IMF: India needs to tighten monetary policy to counter inflation

International Monetary Fund (IMF) logo at the IMF headquarters building in Washington, US, October 2017. (Reuters pic)

NEW DELHI: India’s central bank will need to gradually tighten monetary policy further due to rising inflation, driven mainly driven by higher oil prices and a falling rupee, the International Monetary Fund said on Wednesday.

The Reserve Bank of India raised the repo rate for the second straight meeting last week by 25 basis points to 6.5%, while warning about the inflationary pressures.

The average inflation is likely to rise to 5.2% in 2018/2019 from a 17-year low of 3.6% in the previous fiscal year, the IMF said.

It said inflationary pressures were also exerted by a pick up in domestic demand and recent hike in procurement prices of major crops by the government, as it seeks to win support from farmers ahead of national elections next year.

India’s annual consumer inflation hit 5% in June, staying above the RBI’s medium-term 4% target for an eighth consecutive month.

“The RBI will need to gradually tighten policy further, in response to inflationary pressures, which will help to build monetary credibility,” the IMF said in its annual report.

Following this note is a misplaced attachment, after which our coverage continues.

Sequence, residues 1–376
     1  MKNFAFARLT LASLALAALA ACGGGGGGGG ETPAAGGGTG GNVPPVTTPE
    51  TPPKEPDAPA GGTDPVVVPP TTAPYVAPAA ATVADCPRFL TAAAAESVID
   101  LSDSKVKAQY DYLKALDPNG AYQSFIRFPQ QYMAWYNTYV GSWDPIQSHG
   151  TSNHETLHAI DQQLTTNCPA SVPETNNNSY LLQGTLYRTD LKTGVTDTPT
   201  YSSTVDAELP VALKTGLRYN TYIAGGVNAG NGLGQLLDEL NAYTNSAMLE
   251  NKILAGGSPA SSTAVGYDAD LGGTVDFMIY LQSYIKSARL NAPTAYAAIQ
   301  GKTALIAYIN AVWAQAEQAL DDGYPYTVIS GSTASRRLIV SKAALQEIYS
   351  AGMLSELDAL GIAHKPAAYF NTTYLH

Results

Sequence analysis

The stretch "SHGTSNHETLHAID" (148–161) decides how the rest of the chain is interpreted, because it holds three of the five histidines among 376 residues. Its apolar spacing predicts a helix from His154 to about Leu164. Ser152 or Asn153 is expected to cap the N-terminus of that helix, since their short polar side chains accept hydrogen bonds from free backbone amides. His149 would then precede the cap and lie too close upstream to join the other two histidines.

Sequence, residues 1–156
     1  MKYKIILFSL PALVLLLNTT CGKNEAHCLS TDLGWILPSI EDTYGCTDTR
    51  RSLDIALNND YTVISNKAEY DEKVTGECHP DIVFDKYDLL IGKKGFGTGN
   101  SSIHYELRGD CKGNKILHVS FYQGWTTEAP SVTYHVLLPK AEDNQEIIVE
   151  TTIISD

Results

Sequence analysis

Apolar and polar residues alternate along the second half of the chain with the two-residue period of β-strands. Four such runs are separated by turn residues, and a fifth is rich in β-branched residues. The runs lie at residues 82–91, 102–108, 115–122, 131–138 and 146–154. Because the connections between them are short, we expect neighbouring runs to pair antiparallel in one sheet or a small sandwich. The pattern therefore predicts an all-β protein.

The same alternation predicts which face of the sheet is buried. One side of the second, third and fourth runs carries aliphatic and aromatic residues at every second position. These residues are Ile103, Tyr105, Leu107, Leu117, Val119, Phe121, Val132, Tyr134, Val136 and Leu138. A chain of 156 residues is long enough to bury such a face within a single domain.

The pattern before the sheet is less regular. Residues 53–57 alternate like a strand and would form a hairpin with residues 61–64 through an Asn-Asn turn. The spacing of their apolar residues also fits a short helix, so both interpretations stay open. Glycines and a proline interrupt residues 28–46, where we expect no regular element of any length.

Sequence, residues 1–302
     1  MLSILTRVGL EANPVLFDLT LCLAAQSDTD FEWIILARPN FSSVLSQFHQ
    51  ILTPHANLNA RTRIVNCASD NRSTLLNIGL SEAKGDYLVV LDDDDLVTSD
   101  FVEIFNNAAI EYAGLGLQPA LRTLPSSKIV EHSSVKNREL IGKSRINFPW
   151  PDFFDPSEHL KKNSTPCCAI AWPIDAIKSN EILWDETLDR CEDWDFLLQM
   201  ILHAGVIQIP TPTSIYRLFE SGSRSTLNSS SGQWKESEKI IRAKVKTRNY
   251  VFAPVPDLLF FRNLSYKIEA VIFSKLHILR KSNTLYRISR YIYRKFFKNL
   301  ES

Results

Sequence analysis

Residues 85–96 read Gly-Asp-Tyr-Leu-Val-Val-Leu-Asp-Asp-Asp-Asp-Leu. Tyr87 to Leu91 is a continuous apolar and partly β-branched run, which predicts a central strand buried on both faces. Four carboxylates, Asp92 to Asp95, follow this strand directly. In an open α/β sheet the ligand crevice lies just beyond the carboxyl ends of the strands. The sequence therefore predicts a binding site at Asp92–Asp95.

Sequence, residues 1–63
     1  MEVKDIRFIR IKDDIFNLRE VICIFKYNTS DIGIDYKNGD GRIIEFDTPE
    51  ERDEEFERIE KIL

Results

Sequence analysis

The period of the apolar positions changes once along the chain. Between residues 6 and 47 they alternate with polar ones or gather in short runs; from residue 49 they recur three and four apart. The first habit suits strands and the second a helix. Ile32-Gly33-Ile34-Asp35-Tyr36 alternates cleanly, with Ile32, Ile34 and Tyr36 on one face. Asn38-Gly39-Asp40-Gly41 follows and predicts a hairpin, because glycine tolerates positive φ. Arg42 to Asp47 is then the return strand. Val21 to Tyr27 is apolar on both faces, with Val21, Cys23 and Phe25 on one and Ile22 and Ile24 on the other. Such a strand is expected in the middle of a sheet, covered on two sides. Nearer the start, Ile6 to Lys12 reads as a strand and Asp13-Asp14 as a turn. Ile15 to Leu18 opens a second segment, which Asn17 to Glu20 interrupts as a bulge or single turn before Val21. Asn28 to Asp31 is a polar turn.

The current account deficit is forecast to widen to 2.6% of gross domestic product in 2018/2019, from 1.9% in the previous year, due to higher oil prices and strong demand for imports.

The IMF projected global crude oil prices to average US$72 a barrel in 2018/2019, up from US$62 in its earlier forecast.

The report welcomed economic reforms undertaken by prime Minister Narendra Modi’s government, such as the introduction of a nationwide Goods and Services Tax (GST) and moves to allow more foreign investment in new sectors.

The report, prepared after consultations with government officials, also warned that India was at risk of a shortfall in tax revenue this year due to continued problems with implementation of GST and a delay in financial sector reforms.

It also forecast India’s economy could grow at 7.3% in the current fiscal year and 7.5% in 2019/2020.

Ranil Salgado, IMF mission chief for India said the economy was gaining momentum and the government should reinvigorate reform efforts to accelerate growth and create more jobs.

“This is critical in a country, where per capita income is about US$2,000, still well below that of other large emerging economies.”

As one of the of world’s fastest-growing economies – accounting for about 15% of global growth – Indian economy has helped lift millions out of poverty, the report said.